The reader's response:
I agree that it would be magical thinking to say that you can think your way out of any emotion at any given time. But if you're already familiar with how the undesirable emotion is resulting from your processing of the situation through a lens of beliefs, you can attempt to eliminate the feeling if you can identify the belief underneath.
Think; if a neurotypical sees the world through a lens of "There is no right and wrong, or good and evil, those are man made concepts that do not exist in nature, and they are a means of control. Rights don't exist either, they are imaginary, we made them up. Emotions are, simply put, biological functions that helped the survival of a stage of our species but at this point are obsolete and nothing but harmful, even though at times they (especially the mammal/herd animal instincts like shame) come with a sense of 'meaning'. The duration of your life is the only time you will enjoy rewards and suffer consequences, your conscious experience will not exist after you die."
How can you expect this total non-sociopath to feel guilt/remorse/shame, or fear in his deathbed after a life of 'wrongdoings'?
"There is no greater purpose to this existence, it is futile, it is at best a form of entertainment and I don't mind tapping out if I get bored" would be another one to make it all seem meaningless, thus making any moral judgement irrelevant and unimportant, and the lives' of oneself and others unattached to some sort of sacred value.
Don't you think just remembering this one would make one a let less of a neurotic in general?
BUT (I think I'm speaking for non-socios here, I might be wrong):
Let's say, before the person had those said beliefs, since early childhood he/she were raised to believe in something vastly different than that, like most people are. When he does something that makes sense to him but goes against a certain norm, he has to think his way out of, let's say, shame.
Especially if people react. A number of them, at the same time. Yikes.
Because he's hardwired with the instinct of shame, and shame was already previously programmed to fire at types of situations like this, he will probably feel shame while knowing/thinking that it's irrational.
But you can't just stop feeling something just because you know it doesn't make sense, that would be too good to be true. Of course the feeling isn't rational, it's a fucking feeling. Still, After recognizing the feeling and wanting to get rid of it, there will still be some thinking work to do to eliminate it in my experience, that's my point.
For me it was a challenge to identify beliefs on most of my past issues (social anxiety, OCD, 2 nonsense phobias) as they were easy to recognize as irrational even to the person who has them, and no part of it I could connect to anything. But at this point I can confidently say that at this point I can easily eliminate mild anxiety, shame and mostly anger (The ego-hurt at least. you know how when the bus driver acts entitled and disrespectful to you, and you just have to find a way to not punch him in the throat and insert your thumbs into his eyes because at that moment it looks like a very reasonable risk to take?) .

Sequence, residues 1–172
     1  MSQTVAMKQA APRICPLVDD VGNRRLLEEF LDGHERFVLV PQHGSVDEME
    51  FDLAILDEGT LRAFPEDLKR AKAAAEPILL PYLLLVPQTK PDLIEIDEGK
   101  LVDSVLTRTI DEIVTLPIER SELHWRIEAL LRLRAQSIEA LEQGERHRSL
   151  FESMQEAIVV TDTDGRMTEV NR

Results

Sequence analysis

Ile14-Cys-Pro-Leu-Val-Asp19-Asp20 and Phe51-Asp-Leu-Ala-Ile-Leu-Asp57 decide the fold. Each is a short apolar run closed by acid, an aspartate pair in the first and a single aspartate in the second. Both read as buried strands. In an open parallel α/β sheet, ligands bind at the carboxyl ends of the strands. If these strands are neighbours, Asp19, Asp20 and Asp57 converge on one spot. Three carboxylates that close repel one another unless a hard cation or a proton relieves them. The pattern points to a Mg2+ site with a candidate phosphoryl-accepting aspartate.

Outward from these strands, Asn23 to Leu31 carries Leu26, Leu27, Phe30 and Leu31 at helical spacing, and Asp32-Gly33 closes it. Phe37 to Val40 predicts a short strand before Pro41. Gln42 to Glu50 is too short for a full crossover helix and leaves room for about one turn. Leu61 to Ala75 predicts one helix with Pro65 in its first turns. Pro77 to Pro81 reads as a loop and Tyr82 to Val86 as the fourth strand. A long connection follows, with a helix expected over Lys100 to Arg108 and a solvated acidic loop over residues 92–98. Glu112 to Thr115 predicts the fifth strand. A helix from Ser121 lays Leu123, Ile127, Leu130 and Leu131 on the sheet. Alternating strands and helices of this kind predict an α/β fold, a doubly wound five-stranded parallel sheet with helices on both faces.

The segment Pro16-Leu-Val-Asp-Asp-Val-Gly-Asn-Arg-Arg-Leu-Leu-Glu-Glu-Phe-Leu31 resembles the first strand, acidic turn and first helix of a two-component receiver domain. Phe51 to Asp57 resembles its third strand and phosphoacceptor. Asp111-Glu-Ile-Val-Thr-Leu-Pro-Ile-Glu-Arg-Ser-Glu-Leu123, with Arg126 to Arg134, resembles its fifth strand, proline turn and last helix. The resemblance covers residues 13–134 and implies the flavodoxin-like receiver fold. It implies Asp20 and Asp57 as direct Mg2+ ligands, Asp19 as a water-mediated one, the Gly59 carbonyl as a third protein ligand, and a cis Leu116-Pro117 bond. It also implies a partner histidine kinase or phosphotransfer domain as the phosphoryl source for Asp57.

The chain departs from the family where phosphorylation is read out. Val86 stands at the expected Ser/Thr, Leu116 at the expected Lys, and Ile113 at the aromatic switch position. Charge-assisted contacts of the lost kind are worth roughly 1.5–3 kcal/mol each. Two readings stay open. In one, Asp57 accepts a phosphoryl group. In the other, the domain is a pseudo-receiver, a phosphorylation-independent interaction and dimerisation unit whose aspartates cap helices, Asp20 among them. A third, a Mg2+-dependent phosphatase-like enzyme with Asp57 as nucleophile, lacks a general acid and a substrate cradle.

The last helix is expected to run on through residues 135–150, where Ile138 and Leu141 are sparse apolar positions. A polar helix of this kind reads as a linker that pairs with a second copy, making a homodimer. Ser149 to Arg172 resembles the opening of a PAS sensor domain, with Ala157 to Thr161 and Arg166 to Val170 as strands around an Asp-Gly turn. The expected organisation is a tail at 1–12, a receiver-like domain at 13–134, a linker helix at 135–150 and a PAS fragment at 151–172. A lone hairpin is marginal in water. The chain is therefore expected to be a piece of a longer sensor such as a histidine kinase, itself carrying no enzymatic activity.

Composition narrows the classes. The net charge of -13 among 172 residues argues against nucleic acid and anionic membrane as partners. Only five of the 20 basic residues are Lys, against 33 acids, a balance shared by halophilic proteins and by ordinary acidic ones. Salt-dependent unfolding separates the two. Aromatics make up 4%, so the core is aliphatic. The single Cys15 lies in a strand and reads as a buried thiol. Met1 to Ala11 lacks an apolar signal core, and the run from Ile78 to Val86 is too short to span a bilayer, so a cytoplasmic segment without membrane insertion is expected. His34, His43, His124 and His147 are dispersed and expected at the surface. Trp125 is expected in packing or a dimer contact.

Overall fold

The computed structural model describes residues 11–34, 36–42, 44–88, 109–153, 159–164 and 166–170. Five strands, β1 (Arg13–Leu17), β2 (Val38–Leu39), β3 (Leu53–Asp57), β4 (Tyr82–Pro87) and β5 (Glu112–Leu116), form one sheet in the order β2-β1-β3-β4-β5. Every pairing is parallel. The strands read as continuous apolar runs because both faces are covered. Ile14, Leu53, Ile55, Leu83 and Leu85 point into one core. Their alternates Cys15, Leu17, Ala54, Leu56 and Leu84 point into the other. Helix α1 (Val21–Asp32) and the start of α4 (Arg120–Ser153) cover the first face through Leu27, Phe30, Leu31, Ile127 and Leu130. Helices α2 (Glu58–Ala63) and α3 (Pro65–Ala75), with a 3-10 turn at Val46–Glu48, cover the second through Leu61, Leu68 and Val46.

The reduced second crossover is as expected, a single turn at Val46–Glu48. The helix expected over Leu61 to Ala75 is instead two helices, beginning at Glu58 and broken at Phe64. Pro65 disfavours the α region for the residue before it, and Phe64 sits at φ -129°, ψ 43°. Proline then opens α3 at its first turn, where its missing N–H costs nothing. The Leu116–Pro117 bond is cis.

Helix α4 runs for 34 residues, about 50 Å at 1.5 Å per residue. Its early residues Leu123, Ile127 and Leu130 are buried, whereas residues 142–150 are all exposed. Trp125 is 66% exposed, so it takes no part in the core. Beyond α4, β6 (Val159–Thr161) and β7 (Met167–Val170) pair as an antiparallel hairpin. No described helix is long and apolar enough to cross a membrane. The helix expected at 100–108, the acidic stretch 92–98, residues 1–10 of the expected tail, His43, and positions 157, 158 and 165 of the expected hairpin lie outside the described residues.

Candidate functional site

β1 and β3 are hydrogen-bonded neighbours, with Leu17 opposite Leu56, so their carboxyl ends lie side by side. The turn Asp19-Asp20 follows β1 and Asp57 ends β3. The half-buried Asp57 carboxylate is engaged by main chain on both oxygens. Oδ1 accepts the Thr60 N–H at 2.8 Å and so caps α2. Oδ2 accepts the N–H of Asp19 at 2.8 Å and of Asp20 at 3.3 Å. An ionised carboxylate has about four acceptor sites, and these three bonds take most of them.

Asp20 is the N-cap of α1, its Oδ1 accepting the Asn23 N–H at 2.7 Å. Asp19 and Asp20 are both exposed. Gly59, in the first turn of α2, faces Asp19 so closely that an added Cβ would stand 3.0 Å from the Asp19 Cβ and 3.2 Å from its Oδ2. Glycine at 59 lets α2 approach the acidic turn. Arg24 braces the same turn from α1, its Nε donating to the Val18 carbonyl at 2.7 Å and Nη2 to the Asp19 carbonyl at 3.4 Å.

Still, fear is different I think, it's more deeply rooted than anything else. It's probably the first emotion that ever came to exist and I don't think one can think its way out of fear as a feeling, but maybe with sufficient recent exposure to fear-evoking situations or an exceptionally trained prefrontal cortex it could be fought. As long as fear is not sabotaging one's decision or performance, I think it's fine to feel it somewhere in the background.
Am I depressed? I think it's my own cognitive bias that I don't think about my mood when i'm in a good mood, but I'm recently realizing that I tend to live 4-5 days beautifully and 4-5 days terribly. Not that I'm bipolar or anything, I just have a great relationship with drugs and a less faithful one with sleep. Being in the zone so hard that refusing to sleep and failing to take a break and just functioning for hours more, and then having a sleep deprived crash landing for 12 hours in the afternoon does not sound like consistent depression to me.
I loved your last paragraph, that's a belief I haven't even questioned, or regarded as a belief till now.
And yes, you can publish it.
(Also, you didn't miss sarcasm, Bill wasn't being sarcastic, it's just that Bill is a normal dude with a temper, and when he calls himself a psycho he mostly means 'psychotic'.
Irrelevant: I got stung by an exotic insect while writing that last sentence.)